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It's risky to be a lefty.

A new study suggests that left-handed children may have more accidents than right-handed ones.

Pediatrician Charles J. Graham and his colleagues at the Arkansas Children's Hospital in Little Rock studied 761 children age 6 to 18 who had been admitted to a pediatric emergency room. They divided the children into two groups: a trauma group, containing 267 kids admitted for various bumps, scrapes and bruises; and a nontrauma group, made up of 494 children with problems such as a sore throat or earache.

The researchers found that 16.5 percent of the children in the trauma group were left-handed, compared with 10.5 percent in the nontrauma group. "Approximately 10 percent of the U.S. population is left-handed," says Graham, "so 10.5 percent in the control [nontrauma] group is about what we'd expect."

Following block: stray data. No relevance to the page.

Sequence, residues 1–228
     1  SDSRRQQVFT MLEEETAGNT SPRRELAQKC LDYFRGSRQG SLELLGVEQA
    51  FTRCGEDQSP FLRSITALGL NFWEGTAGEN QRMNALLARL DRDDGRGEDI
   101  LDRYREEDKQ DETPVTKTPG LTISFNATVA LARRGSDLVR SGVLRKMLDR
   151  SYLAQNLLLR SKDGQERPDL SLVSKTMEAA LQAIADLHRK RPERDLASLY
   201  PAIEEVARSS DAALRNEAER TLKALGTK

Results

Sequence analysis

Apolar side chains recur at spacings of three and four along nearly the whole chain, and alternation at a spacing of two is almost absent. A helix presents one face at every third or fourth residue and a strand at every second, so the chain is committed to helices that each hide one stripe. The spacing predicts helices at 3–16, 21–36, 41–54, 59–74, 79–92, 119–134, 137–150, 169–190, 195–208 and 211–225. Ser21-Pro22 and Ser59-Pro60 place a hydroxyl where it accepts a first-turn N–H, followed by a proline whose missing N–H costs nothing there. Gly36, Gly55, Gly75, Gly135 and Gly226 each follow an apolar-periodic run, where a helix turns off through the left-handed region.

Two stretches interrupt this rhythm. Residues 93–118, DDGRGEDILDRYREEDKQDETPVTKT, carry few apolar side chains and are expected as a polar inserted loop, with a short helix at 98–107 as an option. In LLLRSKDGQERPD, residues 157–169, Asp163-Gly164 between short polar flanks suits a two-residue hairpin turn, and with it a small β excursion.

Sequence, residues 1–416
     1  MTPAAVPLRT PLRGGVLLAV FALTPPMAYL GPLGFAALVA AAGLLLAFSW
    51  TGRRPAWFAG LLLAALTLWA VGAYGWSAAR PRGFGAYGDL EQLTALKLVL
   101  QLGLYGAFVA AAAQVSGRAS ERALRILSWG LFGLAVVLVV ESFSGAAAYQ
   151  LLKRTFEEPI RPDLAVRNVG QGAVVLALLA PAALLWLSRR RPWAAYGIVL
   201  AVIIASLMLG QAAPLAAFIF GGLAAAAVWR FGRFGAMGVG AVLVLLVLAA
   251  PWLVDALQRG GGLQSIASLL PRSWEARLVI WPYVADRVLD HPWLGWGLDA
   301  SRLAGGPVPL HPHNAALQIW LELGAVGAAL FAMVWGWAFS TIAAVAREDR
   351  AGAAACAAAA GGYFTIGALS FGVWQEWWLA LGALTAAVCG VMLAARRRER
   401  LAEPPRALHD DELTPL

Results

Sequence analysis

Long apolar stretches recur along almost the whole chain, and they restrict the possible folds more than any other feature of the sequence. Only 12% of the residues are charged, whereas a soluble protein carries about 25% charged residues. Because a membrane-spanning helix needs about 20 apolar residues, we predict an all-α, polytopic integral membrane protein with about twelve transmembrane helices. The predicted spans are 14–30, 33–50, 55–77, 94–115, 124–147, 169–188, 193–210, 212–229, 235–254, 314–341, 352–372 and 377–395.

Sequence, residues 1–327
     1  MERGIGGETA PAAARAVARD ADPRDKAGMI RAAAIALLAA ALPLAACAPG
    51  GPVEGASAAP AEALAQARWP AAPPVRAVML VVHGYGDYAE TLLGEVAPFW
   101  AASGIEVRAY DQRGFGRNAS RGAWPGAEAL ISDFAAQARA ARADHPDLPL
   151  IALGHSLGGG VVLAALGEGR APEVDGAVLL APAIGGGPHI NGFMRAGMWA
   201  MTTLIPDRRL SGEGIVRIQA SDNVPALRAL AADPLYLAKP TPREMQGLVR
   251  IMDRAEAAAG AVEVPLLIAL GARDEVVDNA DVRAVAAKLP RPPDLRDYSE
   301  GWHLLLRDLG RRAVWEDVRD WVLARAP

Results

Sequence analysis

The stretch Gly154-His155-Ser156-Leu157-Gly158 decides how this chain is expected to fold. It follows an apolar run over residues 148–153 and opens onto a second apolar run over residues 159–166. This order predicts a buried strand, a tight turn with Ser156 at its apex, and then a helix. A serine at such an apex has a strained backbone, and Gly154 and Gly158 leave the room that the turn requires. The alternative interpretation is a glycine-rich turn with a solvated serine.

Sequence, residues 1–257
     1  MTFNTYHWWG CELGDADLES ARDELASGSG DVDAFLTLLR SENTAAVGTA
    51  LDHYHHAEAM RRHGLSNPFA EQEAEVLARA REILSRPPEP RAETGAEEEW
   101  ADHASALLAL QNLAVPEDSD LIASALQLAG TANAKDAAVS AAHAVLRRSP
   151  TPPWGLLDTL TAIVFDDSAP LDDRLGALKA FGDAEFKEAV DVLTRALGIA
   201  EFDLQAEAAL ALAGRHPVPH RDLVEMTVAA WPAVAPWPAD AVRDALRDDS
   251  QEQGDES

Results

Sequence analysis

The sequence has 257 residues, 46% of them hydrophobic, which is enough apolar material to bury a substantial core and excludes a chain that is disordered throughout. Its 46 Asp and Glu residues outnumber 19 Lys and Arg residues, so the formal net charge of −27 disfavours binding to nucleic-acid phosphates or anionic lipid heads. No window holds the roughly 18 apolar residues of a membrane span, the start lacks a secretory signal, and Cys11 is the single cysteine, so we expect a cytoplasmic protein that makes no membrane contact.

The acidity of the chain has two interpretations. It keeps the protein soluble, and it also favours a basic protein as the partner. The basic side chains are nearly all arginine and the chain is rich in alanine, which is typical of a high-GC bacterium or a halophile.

Why the difference? No one knows for sure, says Graham. One common explanation is what some lefties might call the conspiracy theory. "We live in a right-handed world," explains Graham, himself a southpaw. "Doorknobs, automobiles and even toys are designed by right-handed people and are used best by right-handed people." An alternative explanation proposes that there's a physiological difference between lefties and righties that may affect motor control or coordination. Graham says finding the cause will be his next goal.
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Title Annotation:left-handed children may be more accident prone
Author:Stroh, Michael
Publication:Science News
Article Type:Brief Article
Date:May 23, 1992
Words:214
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